White wins a pawn and by the adjourned position at 40. Ra8+ Kf7 41. Ra7+, the opposite-colored bishops only help Tal attack the trapped Black king. Mixing mate threats with a king invasion, White's 57. Bg5 (threatening mate at d8) Bd3 58. f5 is decisive as Black faces lines like 58…Rf3 59. f6 Bc4 60. Kxg6, winning. Vasiukov resigned.
In a similar vein is master Phil Collier's win over Class A player Chris Bush at the recent Northern Virginia Open. In his candid notes to the game, Collier calls his 16. Be3 Qc7 17. b4! "one of the most profound pawn sacrifices ever" and a complete oversight. "I simply overlooked the loose pawn," Collier admits.
Still, the sacrifice deflects Black's pieces away from his king, slows his development and keeps b3 available for the White bishop. All three factors come into play on 22. Bb3 Ng6 23. Bxh6! gxh6 (Collier planned to meet 23…f4 with 24. Qe4) 24. Qxh6 Kf7 25. Qh7+ Bg7 26. Rbe1, with the nasty threat of 27. Ng5+ Kf6 28. Rxe6+! Bxe6 29. Rxe6+ Kxg5 30. Qxg6+ and mate to come.
White regains his material while preserving his attack on 27. Re5 Qc3 28. c5 Kf8 29. Rxf5+! Ke7 (exf5 30. Qg8 mate) 30. Rxf4. A final tactical trick helps clinch the point: 36. Qf4+ Kg8 37. Rxe6 Be5 (if 37…Bf7, then 39. Qxf7+!! Kxf7 40. Rf6 is mate) 38. Rxe8+, with a crunching double check. Black gave up.

Urgent tournament news Arlington Chess Club will be closed this Friday, but the ACC-sponsored George Mason Open is still on for next weekend, April 27 and 28, at George Mason University's Arlington campus. For details, playing times and entry information, check out the tournament Web page at www.wizard.net/~matkins/gmo.htm.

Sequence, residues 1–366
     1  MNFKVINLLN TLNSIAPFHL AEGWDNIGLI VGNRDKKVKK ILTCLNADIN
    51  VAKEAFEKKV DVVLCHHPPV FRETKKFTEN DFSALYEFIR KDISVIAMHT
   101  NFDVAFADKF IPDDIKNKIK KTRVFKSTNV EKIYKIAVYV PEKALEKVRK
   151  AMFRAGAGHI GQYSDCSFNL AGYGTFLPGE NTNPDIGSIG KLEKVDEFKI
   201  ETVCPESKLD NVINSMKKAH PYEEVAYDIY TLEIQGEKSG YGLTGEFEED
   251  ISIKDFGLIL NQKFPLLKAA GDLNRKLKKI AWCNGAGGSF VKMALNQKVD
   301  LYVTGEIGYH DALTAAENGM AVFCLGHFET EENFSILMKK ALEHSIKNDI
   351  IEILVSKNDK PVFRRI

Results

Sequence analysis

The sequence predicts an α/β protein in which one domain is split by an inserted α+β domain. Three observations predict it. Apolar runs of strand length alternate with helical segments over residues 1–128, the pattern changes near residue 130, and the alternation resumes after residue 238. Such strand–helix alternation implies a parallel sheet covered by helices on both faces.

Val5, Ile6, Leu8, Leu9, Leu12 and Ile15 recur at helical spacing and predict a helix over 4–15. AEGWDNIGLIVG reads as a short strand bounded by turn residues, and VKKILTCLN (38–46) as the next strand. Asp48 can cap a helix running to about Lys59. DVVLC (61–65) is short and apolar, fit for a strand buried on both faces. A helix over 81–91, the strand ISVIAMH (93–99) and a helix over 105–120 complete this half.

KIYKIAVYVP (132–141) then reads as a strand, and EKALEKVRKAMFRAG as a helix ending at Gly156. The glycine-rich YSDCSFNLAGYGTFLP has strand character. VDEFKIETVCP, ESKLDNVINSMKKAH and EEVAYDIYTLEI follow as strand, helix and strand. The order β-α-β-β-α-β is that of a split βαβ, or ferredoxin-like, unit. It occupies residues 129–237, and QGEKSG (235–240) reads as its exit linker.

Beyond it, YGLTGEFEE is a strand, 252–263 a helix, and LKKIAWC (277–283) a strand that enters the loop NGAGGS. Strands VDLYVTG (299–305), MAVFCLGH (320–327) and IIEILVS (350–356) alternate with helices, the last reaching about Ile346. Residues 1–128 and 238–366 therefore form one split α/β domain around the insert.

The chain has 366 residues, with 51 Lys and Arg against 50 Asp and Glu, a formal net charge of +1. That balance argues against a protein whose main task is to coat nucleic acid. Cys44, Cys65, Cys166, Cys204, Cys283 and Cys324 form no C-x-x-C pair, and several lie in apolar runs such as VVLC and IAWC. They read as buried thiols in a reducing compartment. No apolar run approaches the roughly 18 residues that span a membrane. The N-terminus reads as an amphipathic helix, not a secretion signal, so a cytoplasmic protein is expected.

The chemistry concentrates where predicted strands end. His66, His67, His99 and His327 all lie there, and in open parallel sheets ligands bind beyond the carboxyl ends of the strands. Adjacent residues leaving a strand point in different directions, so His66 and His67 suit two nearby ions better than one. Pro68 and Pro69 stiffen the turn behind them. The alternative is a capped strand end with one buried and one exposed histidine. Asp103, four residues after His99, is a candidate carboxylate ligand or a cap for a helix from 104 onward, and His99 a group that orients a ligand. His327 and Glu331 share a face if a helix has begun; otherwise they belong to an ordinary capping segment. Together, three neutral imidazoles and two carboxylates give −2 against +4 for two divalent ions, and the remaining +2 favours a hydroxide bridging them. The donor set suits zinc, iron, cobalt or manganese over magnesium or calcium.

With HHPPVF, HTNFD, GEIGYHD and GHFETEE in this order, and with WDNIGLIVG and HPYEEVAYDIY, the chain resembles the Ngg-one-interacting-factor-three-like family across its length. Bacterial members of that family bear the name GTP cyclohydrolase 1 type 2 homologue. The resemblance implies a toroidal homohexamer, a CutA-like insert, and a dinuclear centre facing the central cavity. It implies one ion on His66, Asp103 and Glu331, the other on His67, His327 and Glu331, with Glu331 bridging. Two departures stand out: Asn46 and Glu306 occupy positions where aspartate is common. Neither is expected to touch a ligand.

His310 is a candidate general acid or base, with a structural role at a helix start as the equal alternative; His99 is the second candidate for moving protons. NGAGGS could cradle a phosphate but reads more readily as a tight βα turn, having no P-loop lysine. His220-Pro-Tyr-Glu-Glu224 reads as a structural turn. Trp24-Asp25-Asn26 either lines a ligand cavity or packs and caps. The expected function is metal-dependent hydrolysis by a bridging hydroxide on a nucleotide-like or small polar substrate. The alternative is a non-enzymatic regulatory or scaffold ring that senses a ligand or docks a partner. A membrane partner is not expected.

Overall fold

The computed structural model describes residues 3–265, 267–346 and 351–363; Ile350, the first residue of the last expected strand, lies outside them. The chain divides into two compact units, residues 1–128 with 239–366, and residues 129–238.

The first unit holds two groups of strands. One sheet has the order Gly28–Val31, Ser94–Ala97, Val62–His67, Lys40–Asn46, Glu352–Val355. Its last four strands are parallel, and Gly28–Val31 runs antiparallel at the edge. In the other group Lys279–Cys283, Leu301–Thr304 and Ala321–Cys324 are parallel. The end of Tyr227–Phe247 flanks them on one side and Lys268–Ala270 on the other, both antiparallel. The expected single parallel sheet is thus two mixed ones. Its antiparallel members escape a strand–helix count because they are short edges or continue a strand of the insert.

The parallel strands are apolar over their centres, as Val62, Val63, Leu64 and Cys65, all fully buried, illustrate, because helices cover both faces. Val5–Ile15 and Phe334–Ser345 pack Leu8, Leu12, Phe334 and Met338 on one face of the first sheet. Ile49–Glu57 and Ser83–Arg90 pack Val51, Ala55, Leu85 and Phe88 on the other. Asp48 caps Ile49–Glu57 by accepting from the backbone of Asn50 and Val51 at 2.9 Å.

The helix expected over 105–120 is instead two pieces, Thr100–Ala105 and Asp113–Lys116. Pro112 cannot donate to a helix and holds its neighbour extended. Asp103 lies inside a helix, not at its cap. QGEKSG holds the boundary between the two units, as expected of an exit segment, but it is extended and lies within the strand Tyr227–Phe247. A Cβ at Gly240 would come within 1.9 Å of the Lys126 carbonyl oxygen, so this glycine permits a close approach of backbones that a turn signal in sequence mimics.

USSR Championship, Kiev, 1964
1. e4c630. Rxe8Rxe8
2. Nc3d531. Kxh2Bxc4
3. d4dxe432. Rd7Re6
4. Nxe4Nd733. Bc3Bxa2
5. Nf3Ngf634. Rxa7Bc4
6. Ng3e635. Kg3Bd5
7. Bd3c536. f3Kf8
8. 0-0cxd437. Bd4b5
9. Nxd4Bc538. Kf4Bc4
10. Nf30-039. Kg5Kg8
11. Qe2b640. Ra8+Kf7
12. Bf4Bb741. Ra7+Ke8
13. Rad1Nd542. b4Bd5
14. Bg5Qc743. Ra3Kf7
15. Nh5Kh844. g4Re2
16. Be4f645. Bc5Re5+
17. Bh4Bd646. Kh6Re6
18. c4Ba647. Rd3Bc6
19. Nxg7Kxg748. Rd8Re8
20. Nd4Nc549. Rd4Re6
21. Qg4+Kh850. f4Ke8
22. Nxe6Nxe651. Kg7Be4
23. Qxe6Rae852. Bb6Bf3
24. Qxd5Bxh2+53. Rd8+Ke7
25. Kh1Qf454. Rd3Be2
26. Qh5Qxe455. Bd8+Ke8
27. Rfe1Qg656. Rd2Re3
28. Qxg6hxg657. Bg5Bd3
29. Bxf6+Kg858. f5Black

Northern Virginia Open, Herndon, February 2002
1. d4d520. Qe3Bc3
2. c4c621. Rb1Bf6
3. Nf3Nf622. Bb3Ng6
4. Nc3e623. Bxh6gxh6
5. e3Nbd724. Qxh6Kf7
6. Bd3Bd625. Qh7+Bg7
7. 0-00-026. Rbe1Nf4
8. e4dxe427. Re5Qc3
9. Nxe4Nxe428. c5Kf8
10. Bxe4h629. Rxf5+Ke7
11. Bc2Qc730. Rxf4Bd7
12. Re1Rd831. Rfe4Rh8
13. Qe2c532. Qg6Rh6
14. Qe4Nf833. Qg5+Kf8
15. dxc5Qxc534. Ne5Be8
16. Be3Qc735. Ng4Rh5
17. b4Bxb436. Qf4+Kg8
18. Bf4Qa537. Rxe6Be5
19. Re2f538. Rxe8+Black

David R. Sands can be reached at 202/636-3178 or by e-mail at [email protected]